Alum Visits Classrooms to Share about Career Success
February 16, 2012
Mark Johnson, a 1982 music graduate from OBU, returned to Bison Hill on Feb. 13-14 to speak to faculty and students about his use of technology in the Nashville music industry.
A seasoned composer, programmer, conductor, orchestrator and educator, Johnson specializes in the creation of instrumental tracks for film, television, advertising and other media. He received a bachelor of music degree in theory and composition from OBU and a master of music degree in composition from the University of Oklahoma. He earned honors as a composition national finalist for the Music Teachers National Association. He has served as associate music minister at two churches, a church instrumental clinician, and the founder and conductor of a symphony and youth orchestra. His media honors include orchestral work with the movies “Last Ounce of Courage,” “The Samaritan” and “Hannah Montana – The Movie.”
Johnson attributed a large portion of his career success to his education at OBU, highlighting the importance of “strong basics.” As a college student, he said it was difficult to understand the need for the fundamentals. After joining the business world, however, Johnson realized he was capable of performing his everyday tasks because of the basic lessons he learned in classes such as music theory, music history, style and analysis, conducting and composition.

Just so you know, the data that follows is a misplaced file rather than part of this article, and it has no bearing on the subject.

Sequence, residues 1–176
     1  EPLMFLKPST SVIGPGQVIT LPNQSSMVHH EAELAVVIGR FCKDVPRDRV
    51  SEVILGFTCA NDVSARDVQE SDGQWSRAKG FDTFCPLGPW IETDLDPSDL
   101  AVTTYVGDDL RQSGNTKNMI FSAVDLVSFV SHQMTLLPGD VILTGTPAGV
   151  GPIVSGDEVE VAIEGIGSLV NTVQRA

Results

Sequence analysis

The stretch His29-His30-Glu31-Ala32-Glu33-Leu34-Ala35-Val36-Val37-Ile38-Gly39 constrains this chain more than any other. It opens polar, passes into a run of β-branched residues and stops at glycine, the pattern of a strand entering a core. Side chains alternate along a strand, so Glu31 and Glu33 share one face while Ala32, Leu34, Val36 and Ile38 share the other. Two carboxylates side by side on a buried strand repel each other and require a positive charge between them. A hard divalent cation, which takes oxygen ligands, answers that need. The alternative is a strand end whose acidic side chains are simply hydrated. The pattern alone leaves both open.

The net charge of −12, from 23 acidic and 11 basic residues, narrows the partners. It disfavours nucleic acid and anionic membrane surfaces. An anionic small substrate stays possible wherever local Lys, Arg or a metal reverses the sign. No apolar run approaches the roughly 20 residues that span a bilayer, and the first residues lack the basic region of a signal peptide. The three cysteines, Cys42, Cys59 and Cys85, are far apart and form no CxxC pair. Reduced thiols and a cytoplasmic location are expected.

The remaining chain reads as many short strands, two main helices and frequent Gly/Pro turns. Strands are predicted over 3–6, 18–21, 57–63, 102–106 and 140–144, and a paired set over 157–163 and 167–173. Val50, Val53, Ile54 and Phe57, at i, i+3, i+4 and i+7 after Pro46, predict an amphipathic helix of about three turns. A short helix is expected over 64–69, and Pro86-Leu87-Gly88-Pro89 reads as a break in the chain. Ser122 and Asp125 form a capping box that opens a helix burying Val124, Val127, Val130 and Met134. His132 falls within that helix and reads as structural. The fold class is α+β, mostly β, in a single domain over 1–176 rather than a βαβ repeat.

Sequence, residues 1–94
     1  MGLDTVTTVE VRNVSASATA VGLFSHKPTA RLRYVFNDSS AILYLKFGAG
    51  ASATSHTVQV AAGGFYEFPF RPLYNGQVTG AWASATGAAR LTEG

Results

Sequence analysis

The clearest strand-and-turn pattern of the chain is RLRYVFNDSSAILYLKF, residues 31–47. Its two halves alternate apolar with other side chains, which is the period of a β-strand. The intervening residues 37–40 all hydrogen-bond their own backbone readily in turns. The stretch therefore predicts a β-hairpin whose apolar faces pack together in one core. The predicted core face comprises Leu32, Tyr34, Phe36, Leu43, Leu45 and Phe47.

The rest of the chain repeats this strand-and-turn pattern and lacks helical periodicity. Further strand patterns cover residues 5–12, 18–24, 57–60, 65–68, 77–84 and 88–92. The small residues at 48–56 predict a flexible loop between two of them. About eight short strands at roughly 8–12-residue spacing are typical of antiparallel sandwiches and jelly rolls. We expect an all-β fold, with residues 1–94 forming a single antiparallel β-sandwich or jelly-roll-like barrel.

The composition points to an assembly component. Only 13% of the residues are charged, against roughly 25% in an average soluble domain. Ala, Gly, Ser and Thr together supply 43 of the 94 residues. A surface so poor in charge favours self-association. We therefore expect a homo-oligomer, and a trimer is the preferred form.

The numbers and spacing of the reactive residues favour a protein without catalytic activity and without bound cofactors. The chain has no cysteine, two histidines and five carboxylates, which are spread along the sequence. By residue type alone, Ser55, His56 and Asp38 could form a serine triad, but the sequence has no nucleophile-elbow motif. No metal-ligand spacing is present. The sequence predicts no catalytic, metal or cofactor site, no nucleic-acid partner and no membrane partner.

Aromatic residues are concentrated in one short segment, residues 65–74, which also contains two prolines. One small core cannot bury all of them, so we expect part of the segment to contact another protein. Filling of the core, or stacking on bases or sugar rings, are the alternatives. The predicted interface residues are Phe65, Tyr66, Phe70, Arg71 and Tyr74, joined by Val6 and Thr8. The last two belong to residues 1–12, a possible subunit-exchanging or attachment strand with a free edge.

He noted several former professors who enhanced his OBU experience, including Robert Wood, who taught Johnson in an “Introduction to Music Synthesizers” course; Katherine Timberlake and Mary Kay Parrish, who taught Johnson in honors music theory; and Nancy Hill Lippens, who instructed Johnson at the composition level.
“I had a great set of professors when I was here,” Johnson said. “They were incredible people. Each professor was able to help me learn basic skills and troubleshooting and problem-solving for my own work.”
In addition to explaining the purpose of theory and the importance of being able to communicate those aspects with other people, Johnson mentioned another asset of OBU professors: they did not “compartmentalize” students, he said, but rather allowed students balanced growth. Johnson had campus experiences with concert band, jazz band, University Chorale and other groups, and has since used his experience in all those areas in his career.
“If you are able to work through many different applications in your field, I encourage every student to explore as many different aspects as they can,” Johnson said.
He also encouraged music students to take advantage of their resources, especially the Internet, a means of research and networking that was not available when he was a college student. Johnson said the Internet provides students with “supplemental teachers” because students have the ability to communicate with people and share ideas with those on the other side of the world.
A native of Bethany, Okla., Johnson currently lives in Franklin, Tenn., with his wife, Lisa, and his two daughters, Anna, 19, and Lara, 18. His presentation schedule at OBU included serving as a guest speaker in six classes, a meet-and-greet pizza supper and an open student meeting.